DB : That’s not really what happened. After that period I cleared the decks and all the artists disappeared, including Picasso and Masson. This sort of catharsis lasted seven or eight years, at least. Roughly between 1967 and 1975. It was a wild period. I didn’t keep anyone around me. Gradually, though, artists found their way in, people I hadn’t known well before, or who came back. The Giants. Let’s say: Cézanne, Mondrian, Matisse, Newman, Malevich. Why, I really don’t know. Most of them had disappeared from my concerns. There are important works by Matisse, who I generally hate, which brought all the others along with them. It took me time to separate what was beneficial and harmful. When done, you become more serene, calm.

SP : The 1920s, no doubt, up to the cut-outs. But the beginning and the end are dazzling.

DB : Yes, exactly. As for Picasso, with time, as things became clear, he has come back into favour and stands as one of the major innovators of the twentieth century – over the duration, much more than Matisse. Picasso’s sculpture is constantly inventive. He’s the equal of Brancusi, which is saying something. In a single sculpture he did everything Duchamp never managed to do. It’s staggering. And all that without being pretentious. I’m thinking of his bull’s head with the handlebar and bicycle saddle. My “radicalism” has changed a great deal over the years, which is what I was trying to show in Brussels. It’s not all about the work’s formal quality, but rather it’s the points where it connects with or triggers the work when you’re a beginner and you don’t know exactly what you can do or want to do.

SP : Did you have contacts at the time, or later, with the American scene? That’s another scale.

DB : I met the artists when I was quite young. Five years after I saw Picasso, in 1960, I spent a year working at Sainte-Croix in the Virgin Islands, where I made frequent trips to New York. I saw what was going on there at the time. In 1964 I met Judd and Flavin. I thought they were great and even went to visit Judd in his studio. Then, between 1965 and 1970, we formed that very solid team with Mosset, Parmentier and Toroni. I had always been in touch with the New American art, which meant that I met the people who would become the gurus of the New York scene. In 1971, when they threw me out of the Guggenheim, they were the supreme masters. […]

SP : It’s unbelievable, just to see how much you have done and the sheer inventiveness you have mustered with the same elementary vocabulary. There’s this almost organic fluency in the relation to place.

DB : Discovering the place is the key thing, the starting point. You have to have the temperament to adapt to it, to criticise and do what you want. I would say that logically any new situation is bound to produce a new proposition.

SP : What strikes me is the way the solution seems to come in a flash. You think to yourself, “Yes, of course!” It’s so apt, it’s staggering! That may not be how it actually came about, but there’s that seeming ease…

DB : I do often go very fast, precisely because it’s new and the unexpected possibilities just hit you. It’s like filling an open, empty book. And so, something about the place allows you to invent.

SP : For me, your projects are becoming increasingly specific, which means there’s no way they can be transposed. The singularity of the place creates the singularity of your intervention.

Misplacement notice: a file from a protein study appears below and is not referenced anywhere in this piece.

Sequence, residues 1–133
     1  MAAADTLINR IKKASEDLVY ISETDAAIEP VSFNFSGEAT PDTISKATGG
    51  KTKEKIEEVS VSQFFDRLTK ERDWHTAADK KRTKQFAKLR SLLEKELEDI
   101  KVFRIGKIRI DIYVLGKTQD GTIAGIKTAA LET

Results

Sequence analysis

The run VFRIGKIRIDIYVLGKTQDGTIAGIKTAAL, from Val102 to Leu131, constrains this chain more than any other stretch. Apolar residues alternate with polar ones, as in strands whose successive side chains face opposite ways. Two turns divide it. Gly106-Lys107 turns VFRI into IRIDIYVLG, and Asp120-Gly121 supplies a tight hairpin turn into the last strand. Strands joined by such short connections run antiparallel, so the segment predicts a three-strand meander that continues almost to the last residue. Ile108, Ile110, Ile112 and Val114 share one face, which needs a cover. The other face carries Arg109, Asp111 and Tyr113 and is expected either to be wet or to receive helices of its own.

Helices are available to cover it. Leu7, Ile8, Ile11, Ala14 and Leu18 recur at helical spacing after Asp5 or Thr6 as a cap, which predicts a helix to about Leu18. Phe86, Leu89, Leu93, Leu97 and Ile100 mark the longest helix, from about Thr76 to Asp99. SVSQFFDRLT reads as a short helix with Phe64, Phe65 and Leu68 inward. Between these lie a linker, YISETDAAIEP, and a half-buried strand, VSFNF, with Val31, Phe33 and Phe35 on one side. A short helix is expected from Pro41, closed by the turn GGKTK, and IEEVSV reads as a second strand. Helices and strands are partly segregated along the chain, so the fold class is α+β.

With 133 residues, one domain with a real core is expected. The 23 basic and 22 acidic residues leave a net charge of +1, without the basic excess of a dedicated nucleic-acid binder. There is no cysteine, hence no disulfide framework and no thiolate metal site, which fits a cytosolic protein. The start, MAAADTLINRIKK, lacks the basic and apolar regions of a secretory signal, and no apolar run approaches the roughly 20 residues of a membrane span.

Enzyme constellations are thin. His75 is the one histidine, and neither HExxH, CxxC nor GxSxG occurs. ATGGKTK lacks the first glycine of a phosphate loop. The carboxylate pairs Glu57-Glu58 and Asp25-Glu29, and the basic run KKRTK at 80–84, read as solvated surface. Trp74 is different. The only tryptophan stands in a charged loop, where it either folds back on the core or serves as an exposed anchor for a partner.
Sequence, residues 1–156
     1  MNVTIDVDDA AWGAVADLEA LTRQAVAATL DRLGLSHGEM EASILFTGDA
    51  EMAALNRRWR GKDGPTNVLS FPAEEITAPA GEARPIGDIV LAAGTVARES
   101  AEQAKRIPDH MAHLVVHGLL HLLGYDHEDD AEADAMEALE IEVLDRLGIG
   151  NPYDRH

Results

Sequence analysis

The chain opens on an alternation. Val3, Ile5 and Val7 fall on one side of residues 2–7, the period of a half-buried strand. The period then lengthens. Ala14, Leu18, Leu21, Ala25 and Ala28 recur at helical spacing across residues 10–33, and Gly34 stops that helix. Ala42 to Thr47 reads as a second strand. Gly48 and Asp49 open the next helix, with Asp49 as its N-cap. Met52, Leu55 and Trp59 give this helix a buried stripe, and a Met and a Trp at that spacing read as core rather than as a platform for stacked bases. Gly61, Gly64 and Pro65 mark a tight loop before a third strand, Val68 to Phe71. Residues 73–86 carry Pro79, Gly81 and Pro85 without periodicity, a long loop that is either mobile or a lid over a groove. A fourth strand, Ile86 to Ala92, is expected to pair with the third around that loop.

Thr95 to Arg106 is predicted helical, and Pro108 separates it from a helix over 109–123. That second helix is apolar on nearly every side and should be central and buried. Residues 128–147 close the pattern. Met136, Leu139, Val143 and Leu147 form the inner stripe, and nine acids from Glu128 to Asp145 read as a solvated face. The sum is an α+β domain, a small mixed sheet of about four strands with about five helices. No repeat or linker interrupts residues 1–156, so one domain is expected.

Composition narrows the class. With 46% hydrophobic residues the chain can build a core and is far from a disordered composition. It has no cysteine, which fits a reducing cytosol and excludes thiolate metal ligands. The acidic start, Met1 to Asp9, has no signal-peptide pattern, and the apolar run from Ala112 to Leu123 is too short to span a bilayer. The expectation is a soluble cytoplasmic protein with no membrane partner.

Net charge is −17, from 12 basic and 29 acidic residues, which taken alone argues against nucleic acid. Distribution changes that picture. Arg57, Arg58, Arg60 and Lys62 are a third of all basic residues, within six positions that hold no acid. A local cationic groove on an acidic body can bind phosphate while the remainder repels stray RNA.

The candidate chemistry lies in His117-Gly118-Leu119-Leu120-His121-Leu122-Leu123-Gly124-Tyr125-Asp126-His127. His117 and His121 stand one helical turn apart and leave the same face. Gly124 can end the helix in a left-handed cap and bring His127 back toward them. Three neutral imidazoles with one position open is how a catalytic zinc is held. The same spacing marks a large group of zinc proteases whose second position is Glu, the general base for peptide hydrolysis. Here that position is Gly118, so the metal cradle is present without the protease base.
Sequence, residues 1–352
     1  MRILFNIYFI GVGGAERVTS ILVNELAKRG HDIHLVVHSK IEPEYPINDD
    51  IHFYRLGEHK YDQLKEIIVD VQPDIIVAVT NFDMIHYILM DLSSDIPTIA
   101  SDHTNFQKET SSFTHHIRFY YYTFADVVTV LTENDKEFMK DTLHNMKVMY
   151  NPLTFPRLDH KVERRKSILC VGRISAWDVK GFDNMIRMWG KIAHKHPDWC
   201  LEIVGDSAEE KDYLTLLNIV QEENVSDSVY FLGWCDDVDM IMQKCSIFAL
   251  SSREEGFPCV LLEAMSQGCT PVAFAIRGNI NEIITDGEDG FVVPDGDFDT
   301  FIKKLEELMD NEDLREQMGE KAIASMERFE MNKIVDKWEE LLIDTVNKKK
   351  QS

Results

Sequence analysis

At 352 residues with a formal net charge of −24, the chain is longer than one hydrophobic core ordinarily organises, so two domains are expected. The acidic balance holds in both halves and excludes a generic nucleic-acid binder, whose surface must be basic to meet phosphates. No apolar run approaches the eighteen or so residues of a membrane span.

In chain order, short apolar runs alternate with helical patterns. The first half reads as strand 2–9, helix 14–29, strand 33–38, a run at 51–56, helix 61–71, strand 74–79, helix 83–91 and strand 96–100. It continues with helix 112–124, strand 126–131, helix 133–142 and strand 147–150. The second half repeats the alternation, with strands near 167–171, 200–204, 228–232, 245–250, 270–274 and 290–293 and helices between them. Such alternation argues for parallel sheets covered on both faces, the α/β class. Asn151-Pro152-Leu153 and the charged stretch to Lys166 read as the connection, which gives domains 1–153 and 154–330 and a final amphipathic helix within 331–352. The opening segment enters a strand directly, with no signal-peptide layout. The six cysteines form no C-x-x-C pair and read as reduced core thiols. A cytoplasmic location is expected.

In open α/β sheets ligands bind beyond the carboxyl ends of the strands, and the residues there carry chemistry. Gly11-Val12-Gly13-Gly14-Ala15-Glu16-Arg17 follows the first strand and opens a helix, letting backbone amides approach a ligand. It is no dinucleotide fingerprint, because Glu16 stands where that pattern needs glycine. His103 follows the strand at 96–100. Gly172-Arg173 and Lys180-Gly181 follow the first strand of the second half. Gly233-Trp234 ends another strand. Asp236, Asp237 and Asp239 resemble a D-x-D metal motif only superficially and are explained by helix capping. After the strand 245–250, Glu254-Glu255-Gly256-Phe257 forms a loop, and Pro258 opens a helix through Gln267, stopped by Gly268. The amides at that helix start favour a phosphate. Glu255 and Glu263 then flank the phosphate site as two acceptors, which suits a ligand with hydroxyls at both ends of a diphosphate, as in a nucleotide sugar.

DB : If a proposition works, I think, it’s bound to be original. The basis of my work is not the material but the possibilities it offers. In this room, for example, there are two walls and there are windows. In 1965–66 putting the canvas on a window would have seemed utterly absurd. Remember that for exhibition I have always chosen places nobody else wanted. This often worked out pretty well and the other artists used to complain, “Why didn’t I get the ceiling, like Buren?” But nobody had thought of doing anything with the ceiling. It was another way of working. How many interventions have I done in corridors, I wonder? You know as I do that if you offer artists rooms and more rooms, and then a corridor, they will all choose a room and neglect the corridor. But these places of transit interest me and are often entrusted to me, which allows me to make works that can sometimes be quite interesting. For years, that gave me an incredible freedom. Today, art has become extraordinarily diverse and artists have understood that they can express themselves anywhere, and that a transparent window can be just as interesting as a nice straight picture wall between two doors.

SP : Ultimately, then, you feel increasingly free? Again, I’m stunned at the speed with which you analyse a place. Like a fish in water, you immediately find the gesture, the intervention. […] It’s hard to imagine you repeating yourself.

DB : I can’t see myself being offered another space as extraordinary as this one any time soon. If I were offered a similar place, in fact, I would stop. Here it’s so particular that it’s a joy to carry out this transformation of the architecture by means of the positioning of colour.

SP : The situation here suits you, for sure.

DB : Exactly, the place provides the occasion. Glass walls and colours are thing I’ve done often in the past, and the book/catalogue gives a few examples of that, but here, with the same elements, we’re going to create something that has never been seen before. You could say that it’s the place that makes the thief!